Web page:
sang The Carpenters. They were wrong.
What keeps groups together through time?
A recent ad by the government of Israel, inviting American Jews to avoid assimilation by coming home, caused quite a ruckus. Which is an ancient Yiddish word for mischegas. But the facts are plain: Jews in America are disappearing because of the combination of low birth rate and huge levels of intermarriage with Gentiles, as well as indifference to or avoidance of the practice of Jewish religion. The one place on earth, prior to Israel in 1948, where Jews could be safe and free has become the place where they tend to evaporate. On their own.
That leads to wonder why Jews in the past did not dwindle much, despite the often challenging conditions in which they found themselves. My amateur sociologist's theory? It was precisely the challenging conditions --along with pre-emancipation Halakic law-- which kept them alive. With the exception of the Nazi extermination program, which had an unprecedented killing rate, the various strictures and sporadic outbreaks of violence, all expressions of their Gentile neighbors' dislike, created an ironic version of what the early rabbis called "building a fence around the Torah." While Jewish law created obstacles against assimilation from within, Gentile suspicion made its own wall against it from without. Once tradition-free Judaism met a relatively fence-free America and the Pill...
The two places where the Jewish birthrate is high are among very traditional Halakha-observant Orthodox groups, wherever they live, and in Israel, surrounded by a sea of Arabs who loathe Jews.
Continuing on my sociological way, it leads me to ask what forces actually keep groups intact. Sometimes, maybe always, you don't know the answer to that question until the groups begin to fray or diminish. I don't know anything about the internal Jewish discussion when Reform Judaism decided to make life easier for recently emancipated 19th century German Jews by adapting to the surrounding culture. I am sure some sectors predicted disaster. (Conservatives always do.) But who could have thought that an updated and ethically-based American Judaism would prove so unable to resist the allure of an extraordinarily welcoming Gentile nation? A classic case of snatching defeat from the jaws of victory.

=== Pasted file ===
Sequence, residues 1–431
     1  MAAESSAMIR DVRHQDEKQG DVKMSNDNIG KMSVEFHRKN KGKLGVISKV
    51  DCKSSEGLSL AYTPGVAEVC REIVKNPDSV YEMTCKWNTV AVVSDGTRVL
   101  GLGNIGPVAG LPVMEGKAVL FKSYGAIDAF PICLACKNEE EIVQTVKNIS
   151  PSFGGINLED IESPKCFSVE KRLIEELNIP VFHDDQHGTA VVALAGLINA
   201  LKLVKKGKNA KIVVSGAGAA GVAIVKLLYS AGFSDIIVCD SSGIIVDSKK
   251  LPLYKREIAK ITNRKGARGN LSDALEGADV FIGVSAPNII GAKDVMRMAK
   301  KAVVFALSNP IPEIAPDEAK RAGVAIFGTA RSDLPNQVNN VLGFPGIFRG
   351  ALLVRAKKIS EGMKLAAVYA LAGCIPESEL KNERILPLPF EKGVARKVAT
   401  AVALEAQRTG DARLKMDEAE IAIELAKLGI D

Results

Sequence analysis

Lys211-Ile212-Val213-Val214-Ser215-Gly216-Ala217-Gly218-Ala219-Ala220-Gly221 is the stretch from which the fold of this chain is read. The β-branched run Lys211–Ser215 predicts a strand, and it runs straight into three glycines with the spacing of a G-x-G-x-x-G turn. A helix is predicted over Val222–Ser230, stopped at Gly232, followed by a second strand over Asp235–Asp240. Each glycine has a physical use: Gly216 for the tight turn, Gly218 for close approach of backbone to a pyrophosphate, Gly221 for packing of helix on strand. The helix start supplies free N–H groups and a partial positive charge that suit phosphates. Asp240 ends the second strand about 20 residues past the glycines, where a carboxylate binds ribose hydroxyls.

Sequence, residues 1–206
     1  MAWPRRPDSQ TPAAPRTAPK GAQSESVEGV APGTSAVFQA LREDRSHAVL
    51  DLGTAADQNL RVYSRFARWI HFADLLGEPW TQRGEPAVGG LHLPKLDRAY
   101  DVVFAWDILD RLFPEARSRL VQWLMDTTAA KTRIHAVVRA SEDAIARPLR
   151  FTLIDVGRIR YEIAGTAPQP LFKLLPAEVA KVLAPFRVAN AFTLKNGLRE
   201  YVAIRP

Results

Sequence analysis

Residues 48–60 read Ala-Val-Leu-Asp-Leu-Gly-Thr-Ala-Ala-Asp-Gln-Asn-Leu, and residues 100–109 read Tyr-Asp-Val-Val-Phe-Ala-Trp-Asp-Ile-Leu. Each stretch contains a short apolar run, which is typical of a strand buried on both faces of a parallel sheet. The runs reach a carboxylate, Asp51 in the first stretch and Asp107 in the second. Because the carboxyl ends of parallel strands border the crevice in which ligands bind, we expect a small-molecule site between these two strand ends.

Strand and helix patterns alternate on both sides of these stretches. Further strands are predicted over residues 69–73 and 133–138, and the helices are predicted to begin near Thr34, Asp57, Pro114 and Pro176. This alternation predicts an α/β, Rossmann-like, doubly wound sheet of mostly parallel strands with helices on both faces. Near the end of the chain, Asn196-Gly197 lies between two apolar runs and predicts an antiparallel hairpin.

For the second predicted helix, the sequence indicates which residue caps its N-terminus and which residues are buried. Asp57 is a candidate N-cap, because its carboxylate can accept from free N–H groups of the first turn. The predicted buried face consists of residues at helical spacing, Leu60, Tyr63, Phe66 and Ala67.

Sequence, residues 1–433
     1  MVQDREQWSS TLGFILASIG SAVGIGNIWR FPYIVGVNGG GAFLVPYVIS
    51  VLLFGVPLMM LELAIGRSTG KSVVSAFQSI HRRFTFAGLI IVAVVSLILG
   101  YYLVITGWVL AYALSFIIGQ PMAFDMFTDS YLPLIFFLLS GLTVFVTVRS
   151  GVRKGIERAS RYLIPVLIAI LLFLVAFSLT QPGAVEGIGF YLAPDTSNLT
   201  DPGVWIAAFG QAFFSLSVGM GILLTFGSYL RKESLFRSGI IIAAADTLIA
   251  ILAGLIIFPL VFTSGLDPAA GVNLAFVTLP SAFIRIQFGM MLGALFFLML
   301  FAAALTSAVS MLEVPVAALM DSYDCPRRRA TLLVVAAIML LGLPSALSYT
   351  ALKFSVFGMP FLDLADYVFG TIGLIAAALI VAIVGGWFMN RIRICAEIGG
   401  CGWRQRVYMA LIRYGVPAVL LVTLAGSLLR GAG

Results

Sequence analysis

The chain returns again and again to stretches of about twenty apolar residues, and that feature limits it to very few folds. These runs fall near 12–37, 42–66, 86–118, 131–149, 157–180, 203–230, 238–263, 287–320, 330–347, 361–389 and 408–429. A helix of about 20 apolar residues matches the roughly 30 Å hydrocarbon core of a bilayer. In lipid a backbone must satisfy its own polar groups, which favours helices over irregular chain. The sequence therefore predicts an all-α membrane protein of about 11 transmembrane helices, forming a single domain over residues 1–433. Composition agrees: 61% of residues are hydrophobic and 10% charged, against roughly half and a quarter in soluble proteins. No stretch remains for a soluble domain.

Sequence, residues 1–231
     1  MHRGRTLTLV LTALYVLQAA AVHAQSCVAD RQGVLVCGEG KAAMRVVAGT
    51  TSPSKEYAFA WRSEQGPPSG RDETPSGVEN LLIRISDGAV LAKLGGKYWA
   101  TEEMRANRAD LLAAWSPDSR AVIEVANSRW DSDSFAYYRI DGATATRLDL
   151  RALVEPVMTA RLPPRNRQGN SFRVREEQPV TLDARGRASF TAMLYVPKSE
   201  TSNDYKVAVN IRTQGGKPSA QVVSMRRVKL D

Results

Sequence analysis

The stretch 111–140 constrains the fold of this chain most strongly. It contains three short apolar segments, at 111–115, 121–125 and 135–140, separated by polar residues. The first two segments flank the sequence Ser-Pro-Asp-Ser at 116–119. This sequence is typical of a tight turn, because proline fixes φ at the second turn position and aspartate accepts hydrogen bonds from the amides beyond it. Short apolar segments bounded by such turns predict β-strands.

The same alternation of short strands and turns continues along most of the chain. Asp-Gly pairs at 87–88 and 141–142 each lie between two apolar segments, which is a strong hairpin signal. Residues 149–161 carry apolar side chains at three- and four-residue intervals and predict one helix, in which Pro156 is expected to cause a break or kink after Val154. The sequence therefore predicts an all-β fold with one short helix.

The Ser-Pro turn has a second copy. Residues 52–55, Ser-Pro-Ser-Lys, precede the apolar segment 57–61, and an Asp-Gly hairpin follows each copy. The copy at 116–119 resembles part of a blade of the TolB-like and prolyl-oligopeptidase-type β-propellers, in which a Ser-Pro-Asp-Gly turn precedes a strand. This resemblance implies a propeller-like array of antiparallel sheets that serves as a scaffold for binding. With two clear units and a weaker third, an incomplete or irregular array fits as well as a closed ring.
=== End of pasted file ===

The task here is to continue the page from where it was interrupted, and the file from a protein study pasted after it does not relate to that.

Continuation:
Another aspect seems to be the creation of a publicly tolerated or respectable secular identity. After the French revolution, it became increasingly common and ok not to be associated with any religious group at all. So Jews could escape the burdens and isolation of history not by betraying their ancestors through conversion but by ignoring them through secular transcendence.
My friends the Anglicans come to mind. What held them together, such as they were, for most of 400 years was not only their State-sponsored status, ethnic/racial self-confidence, and clear episcopal governing structure, but their 1662 Book of Common Prayer. When they decided to allow a plethora of different local liturgies at the very same time that being White became a crime, their compulsive embrace of liberal modernity and post-modernity has proved to be their unravelling and perhaps their undoing.
The sociology of religion contains a paradigm --I forget by whom-- that differentiates religious groups as cults, sects, denominations or churches based on the level of tension with and difference from the surrounding culture. Too much and you remain a tiny isolated cult, too little and you become so mainstream that there's no feeling of loss if you leave it behind. You don't seem to value what costs you nothing. And who has mirrored the values of liberal America --created them, actually-- more than Reform Jews and mainstream Protestants?
I think of America, of course. We have been a Union precisely because we have always been trying to hold together our divisions. You only call something United which needs to be united because its natural momentum is toward separation. So I don't overestimate American harmony at all. From the very start we have had regional, racial and class tensions. And then there was 1861 and its awful aftermath. It feels to me now that we are in a Civil Cold War where two sides of the country are no longer opponents but enemies. Am I wrong to think that a significant portion of the country hates its own Republican countrymen more than it really hates Al Qaeda? If my neighborhood and city is any indication, it does. The election of 1800, were it to be replicated now, would be considered not a triumph of our Constitution --which it was, even by the skin of its teeth-- but its utter delegitimation. So what forces held us together, fractiously of course, in the past --especially things we took for granted-- which seem to be evaporating now?